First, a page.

Shiro (white) Tofu, chawanmushi (steamed silk tofu), white fried rice, salad dressing
Usukuchi (thin) Soup, Japanese omelette, simmered dishes
Amakuchi (sweet) White fish sashimi, onigiri, broiled fish
Koikuchi (thick) Goes well with almost anything
Saishikomi Red fish sashimi, red meat steak, Japanese curry
Tamari Chicken teriyaki, red fish sashimi

Japanese Soy Sauce to Avoid

Shoyu comes in many forms, especially outside Japan. If you happen to be choosing between many soy sauces, avoid chemically brewed soy sauce which may give off an artificial flavour. Stick to natural-brew soy sauce made from soybeans, wheat, salt, and water. Chemically brewed soy sauce is usually artificially salty, aside from their questionable ingredients.

To identify if the soy sauce is chemically cultivated or not, refer to the list of ingredients on the packaging. Natural-brew soy sauce is made from soybeans, wheat, salt, and water. If you found corn syrup or food coloring on the ingredients, it should be a noticeable red flag.

How to Use Japanese Soy Sauce Deliciously

Japanese soy sauce is very diverse and all-purpose. It goes well with soft tofu or stewed foods, for making shoyu ramen, dipping sauce for sashimis and more.

To accompany the taste of natural ingredients such as cold tofu and sashimi


how_to_use_shoyu

Over grilled fish, omelet, grilled eggplant, etc.


how_to_use_shoyu

When stir-frying food, meat or sautéing fish to release prominent fragrance


how_to_use_shoyu

Recipes with Japanese Soy Sauce

First time cooking Japanese food? Don’t worry, you can use these recipes as a guide or inspiration for your next cooking.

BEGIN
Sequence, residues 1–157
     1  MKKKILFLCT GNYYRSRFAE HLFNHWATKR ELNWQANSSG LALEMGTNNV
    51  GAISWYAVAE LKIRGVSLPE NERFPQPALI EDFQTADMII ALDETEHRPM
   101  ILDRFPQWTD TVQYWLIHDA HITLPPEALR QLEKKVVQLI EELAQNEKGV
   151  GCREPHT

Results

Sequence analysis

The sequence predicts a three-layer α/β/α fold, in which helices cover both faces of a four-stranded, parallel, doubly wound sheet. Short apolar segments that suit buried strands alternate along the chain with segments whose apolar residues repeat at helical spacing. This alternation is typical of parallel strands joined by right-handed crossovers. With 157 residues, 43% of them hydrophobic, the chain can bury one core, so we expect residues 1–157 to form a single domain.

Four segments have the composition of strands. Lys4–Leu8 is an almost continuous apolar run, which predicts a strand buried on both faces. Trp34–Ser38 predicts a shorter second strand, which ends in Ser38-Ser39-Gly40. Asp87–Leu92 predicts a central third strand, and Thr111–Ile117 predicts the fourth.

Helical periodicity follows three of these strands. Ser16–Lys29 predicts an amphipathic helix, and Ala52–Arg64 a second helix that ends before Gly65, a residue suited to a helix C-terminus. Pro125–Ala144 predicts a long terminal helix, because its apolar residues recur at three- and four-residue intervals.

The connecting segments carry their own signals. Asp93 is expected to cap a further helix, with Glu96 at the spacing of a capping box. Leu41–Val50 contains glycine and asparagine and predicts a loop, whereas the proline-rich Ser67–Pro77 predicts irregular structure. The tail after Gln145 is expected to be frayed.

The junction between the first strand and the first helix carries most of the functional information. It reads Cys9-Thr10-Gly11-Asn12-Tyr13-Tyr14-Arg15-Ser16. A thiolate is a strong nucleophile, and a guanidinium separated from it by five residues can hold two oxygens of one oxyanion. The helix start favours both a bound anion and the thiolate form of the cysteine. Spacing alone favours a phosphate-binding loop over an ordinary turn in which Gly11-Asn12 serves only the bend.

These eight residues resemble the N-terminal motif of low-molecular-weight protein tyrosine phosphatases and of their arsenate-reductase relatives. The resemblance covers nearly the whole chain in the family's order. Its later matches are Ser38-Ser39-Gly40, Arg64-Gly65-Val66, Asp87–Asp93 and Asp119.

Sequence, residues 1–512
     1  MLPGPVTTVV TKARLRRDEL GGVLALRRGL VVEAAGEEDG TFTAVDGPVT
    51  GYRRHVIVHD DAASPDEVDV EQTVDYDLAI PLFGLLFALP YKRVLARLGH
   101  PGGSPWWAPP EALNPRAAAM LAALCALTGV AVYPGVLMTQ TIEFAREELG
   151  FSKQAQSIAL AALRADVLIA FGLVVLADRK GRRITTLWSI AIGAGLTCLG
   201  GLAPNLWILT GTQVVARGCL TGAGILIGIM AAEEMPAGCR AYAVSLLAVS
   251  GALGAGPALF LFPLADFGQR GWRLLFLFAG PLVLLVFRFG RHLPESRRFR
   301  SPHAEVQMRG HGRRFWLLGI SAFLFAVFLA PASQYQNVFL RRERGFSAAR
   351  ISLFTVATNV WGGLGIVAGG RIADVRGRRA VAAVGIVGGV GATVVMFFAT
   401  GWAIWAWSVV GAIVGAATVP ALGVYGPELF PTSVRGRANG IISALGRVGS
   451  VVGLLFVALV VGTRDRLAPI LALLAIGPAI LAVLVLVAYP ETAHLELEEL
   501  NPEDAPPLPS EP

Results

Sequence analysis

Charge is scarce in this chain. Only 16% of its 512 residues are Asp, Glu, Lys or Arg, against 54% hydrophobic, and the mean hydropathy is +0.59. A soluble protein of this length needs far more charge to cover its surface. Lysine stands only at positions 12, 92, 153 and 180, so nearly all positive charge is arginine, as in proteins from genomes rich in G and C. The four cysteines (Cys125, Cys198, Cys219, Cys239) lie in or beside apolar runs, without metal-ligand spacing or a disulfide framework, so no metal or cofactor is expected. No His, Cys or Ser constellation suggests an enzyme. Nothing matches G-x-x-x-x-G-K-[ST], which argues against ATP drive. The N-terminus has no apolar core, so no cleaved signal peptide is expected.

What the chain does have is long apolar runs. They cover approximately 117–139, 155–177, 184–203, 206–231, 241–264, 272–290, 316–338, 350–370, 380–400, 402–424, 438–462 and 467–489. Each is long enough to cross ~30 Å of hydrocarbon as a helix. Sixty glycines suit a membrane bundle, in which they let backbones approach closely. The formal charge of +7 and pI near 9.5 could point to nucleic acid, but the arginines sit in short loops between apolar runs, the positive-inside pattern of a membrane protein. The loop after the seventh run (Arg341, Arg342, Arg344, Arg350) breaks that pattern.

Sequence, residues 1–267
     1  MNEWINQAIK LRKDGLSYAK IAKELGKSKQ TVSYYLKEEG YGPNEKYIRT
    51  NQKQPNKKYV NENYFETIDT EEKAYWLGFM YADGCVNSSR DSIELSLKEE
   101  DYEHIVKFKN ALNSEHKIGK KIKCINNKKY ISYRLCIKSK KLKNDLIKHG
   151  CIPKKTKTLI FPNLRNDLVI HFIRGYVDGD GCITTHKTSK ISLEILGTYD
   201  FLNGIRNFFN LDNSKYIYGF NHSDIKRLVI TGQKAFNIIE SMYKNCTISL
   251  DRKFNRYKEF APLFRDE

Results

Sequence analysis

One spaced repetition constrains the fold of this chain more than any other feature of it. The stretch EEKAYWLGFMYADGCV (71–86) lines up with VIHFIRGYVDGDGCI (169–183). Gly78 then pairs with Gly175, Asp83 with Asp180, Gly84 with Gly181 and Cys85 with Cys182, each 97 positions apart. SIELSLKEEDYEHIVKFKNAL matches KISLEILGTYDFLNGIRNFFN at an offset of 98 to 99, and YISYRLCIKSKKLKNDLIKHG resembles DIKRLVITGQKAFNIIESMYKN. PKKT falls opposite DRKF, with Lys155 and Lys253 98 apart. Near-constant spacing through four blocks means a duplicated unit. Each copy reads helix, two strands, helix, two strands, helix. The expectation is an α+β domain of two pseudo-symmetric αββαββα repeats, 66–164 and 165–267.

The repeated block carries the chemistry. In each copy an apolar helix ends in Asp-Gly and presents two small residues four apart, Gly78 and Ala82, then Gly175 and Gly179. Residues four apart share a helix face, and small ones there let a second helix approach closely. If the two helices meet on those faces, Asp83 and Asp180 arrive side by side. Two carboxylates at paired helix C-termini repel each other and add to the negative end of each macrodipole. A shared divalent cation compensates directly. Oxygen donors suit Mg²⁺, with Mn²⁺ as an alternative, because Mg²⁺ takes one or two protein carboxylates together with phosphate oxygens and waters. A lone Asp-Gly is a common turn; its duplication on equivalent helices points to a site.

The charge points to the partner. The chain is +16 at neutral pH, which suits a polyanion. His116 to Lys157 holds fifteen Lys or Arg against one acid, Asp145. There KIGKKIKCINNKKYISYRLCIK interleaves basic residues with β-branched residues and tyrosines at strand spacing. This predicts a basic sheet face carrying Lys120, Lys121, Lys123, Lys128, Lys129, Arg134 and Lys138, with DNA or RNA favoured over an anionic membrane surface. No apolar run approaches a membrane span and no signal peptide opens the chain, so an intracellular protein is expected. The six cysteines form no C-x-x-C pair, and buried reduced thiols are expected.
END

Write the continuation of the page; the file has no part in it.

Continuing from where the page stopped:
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How is Japanese Soy Sauce Made

The most important part of making Japanese soy sauce is "making koji". Koji refers to steamed grains, such as rice, barley, and/or soybeans that have been inoculated with koji mold or koji-kin in Japanese. Basically, it's the essential component in fermented Japanese food, such as shoyu, miso, mirin and sake.

how_shoyu_is_made

Following that, fermenting quality ingredients would also rely on suitable temperature and humidity. The best shoyu are usually the ones that have been fermented for two years or longer. Long fermentation period and natural brewing will result in a shoyu with pleasant umami flavour.

how_shoyu_is_made

About 3 days later when the koji is ready, it is moved to a large barrel. The barrels are also referred to as kioke, made of koya maki (Japanese umbrella pine tree) known to be extremely resilient and waterproof. Dark soy sauce is then prepared by mixing salt water, which creates 'Moromi'- a blend of yet-to-mature soy sauce stimulated by koji-making in the initial process. It is then left to age for a year or more. During the Moromi fermentation stage, the mash of aspergillus and yeast promotes lactic acid bacteria which is vital for brewing Japanese soy sauce. After some time, the Moromi will decompose and mature.

To obtain fresh Shoyu, the aged mash is squeezed on a cloth little by little to create layers. This is done over 3 days where the yeast is still 'alive'. Then, heat is applied to release the fragrance of the Shoyu. In the same way, heating the elements will sterilised the content. The aroma and taste of Shoyu changes depending on the temperature setting and heating time. The mixture is then set aside to cool down naturally.

These entire processes are observed by skilful craftsmen to ensure quality production of Japanese soy sauce. Without years of expertise and experience by skilful craftsmen, Shoyu cannot deliver it's widely-known pleasant umami flavour.

How to Substitute Japanese Soy Sauce?

The sharp and distinct umami flavour of Japanese soy sauce makes it rather difficult to substitute Shoyu in Japanese cooking. Shoyu has an aromatic saltiness that is hard to be replaced by other condiments. While Tamari Sauce is interchangeable with Shoyu due to their similarities in colour and flavour, their stark differences still remain in terms of use and texture.